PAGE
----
One of the first clubs that brought a more democratic spirit into the baseball world was the Eckford Club of Brooklyn, formed in 1855. By this year the Knickerbockers had many rivals in and about New York. Games were being placed regularly among such teams as the Gothams, the Putnams, the Harlems, the Excelsiors, and the Eagles. But the Eckford Club had this distinction: its members were shipwrights and mechanics. They suffered the disadvantage in comparison with other clubs of not having very much time to practise, but they soon proved their worth by defeating the Excelsior Club, made up of merchants and clerks. The Newark Mechanics Club was among other organizations composed of workingmen, while one of the best teams playing on the Boston Common, where games were often scheduled at five in the morning so as not to interfere with the players' work, was made up of truckmen. And then in 1856 a young man named Henry Wright, employed in a jewelry manufactory and also a professional bowler with the St. George Cricket Club, joined the Knickerbockers. Social barriers were breaking down completely. The ball clubs wanted to win their games. Here also was a hint of the professionalism toward which they were headed. Another decade and Wright will have gone to Cincinnati to organize the Red Stockings as the country's first admittedly professional team.
Baseball slowly spread north, south, east, and west. It drove out town-ball in New England and cricket in Philadelphia, made its way to the Mississippi Valley ( Chicago had four clubs in 1858), crossed the trans-Mississippi frontier, reached out to the Pacific Coast. Everywhere it was bringing men and boys into active outdoor play. It was also becoming highly organized. The National Association of Base Ball Players was formed in 1858, with twenty-five clubs applying for charter membership, and two years later delegates from fifty organizations attended its annual meeting. New York and New Jersey led in the number of clubs ( New England had a separate association for teams still playing town-ball), but Philadelphia, Washington, Detroit, Chicago, and New Orleans were but a few among the cities where baseball was now established.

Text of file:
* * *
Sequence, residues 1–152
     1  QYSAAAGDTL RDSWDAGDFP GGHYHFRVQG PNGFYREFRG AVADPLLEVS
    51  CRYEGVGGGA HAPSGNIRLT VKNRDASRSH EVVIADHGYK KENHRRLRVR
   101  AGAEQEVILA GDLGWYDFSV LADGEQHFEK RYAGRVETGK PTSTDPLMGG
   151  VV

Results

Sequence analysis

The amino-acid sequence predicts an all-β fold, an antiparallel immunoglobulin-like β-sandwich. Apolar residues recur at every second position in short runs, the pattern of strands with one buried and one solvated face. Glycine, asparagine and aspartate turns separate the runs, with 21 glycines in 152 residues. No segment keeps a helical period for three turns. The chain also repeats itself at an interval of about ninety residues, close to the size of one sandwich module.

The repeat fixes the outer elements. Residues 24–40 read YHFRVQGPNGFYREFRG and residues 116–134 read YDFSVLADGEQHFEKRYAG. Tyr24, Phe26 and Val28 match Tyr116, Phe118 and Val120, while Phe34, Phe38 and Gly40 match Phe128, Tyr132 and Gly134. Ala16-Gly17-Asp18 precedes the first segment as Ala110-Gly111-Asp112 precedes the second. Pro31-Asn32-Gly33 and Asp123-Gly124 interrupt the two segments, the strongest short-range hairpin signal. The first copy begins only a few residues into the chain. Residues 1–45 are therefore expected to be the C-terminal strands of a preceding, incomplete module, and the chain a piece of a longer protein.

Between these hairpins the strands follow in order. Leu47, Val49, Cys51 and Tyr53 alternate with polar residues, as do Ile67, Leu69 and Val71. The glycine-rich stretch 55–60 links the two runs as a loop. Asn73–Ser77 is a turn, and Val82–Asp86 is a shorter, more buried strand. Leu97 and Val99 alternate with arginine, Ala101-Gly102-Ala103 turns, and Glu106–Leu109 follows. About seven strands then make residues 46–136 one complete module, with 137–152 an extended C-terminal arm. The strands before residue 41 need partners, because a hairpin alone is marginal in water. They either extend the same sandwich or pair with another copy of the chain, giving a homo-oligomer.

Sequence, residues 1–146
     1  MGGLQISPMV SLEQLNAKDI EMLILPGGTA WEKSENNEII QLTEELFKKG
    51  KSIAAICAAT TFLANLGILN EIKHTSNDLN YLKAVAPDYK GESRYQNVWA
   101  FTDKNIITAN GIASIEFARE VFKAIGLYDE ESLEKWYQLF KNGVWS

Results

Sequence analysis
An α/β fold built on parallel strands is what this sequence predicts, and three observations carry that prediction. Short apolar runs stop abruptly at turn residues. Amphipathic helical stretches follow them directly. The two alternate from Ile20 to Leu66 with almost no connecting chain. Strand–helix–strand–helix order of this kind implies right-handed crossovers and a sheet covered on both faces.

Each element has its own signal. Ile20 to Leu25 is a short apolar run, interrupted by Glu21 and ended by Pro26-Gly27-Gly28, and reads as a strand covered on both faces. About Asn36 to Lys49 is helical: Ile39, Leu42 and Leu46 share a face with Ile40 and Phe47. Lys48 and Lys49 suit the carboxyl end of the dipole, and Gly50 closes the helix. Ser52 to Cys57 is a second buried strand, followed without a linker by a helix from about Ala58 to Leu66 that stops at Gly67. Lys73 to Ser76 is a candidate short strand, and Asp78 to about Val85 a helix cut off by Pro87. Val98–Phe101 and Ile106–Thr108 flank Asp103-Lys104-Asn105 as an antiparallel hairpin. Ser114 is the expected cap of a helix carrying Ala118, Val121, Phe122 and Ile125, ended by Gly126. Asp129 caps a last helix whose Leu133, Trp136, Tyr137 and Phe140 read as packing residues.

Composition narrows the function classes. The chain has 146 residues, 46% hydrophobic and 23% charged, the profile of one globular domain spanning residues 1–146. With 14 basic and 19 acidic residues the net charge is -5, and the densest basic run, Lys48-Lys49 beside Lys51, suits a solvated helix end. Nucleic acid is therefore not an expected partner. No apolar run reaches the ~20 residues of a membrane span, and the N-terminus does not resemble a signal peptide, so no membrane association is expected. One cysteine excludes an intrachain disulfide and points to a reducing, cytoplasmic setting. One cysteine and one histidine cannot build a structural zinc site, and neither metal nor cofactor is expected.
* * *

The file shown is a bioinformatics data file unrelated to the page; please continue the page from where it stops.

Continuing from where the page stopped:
The game was attracting spectators as well as players, and a wider public interest was growing out of the reports carried in the newspaper of the interclub matches. It still had features strange to modern times. A man was out on a ball caught on the first bounce; pitching was an underhand throw. Even though there were players who "sent the ball with exceeding velocity," the scales were more heavily weighted in favor of the batter than they are to-day. No gloves were worn. We find The Spirit of the Times praising Mr. Wadsworth of the Knickerbockers for his fearlessness "in the dangerous position of catcher." Contemporary prints portray the umpire sitting out in the field somewhere near first base under an umbrella, in frock-coat and stove-pipe hat.
But baseball was exciting. In 1858 some two thousand persons actually paid fifty cents admission for a match at the Fashion Race Course, the first recorded game with gate receipts. Two years later the champion Excelsiors, of Brooklyn, went on tour and defeated challenging clubs in cities throughout New York, Pennsylvania, Delaware, and Maryland. Returning for a match with another Brooklyn team, the Atlantics, they played a game which drew fifteen thousand spectators. Baseball was on its way.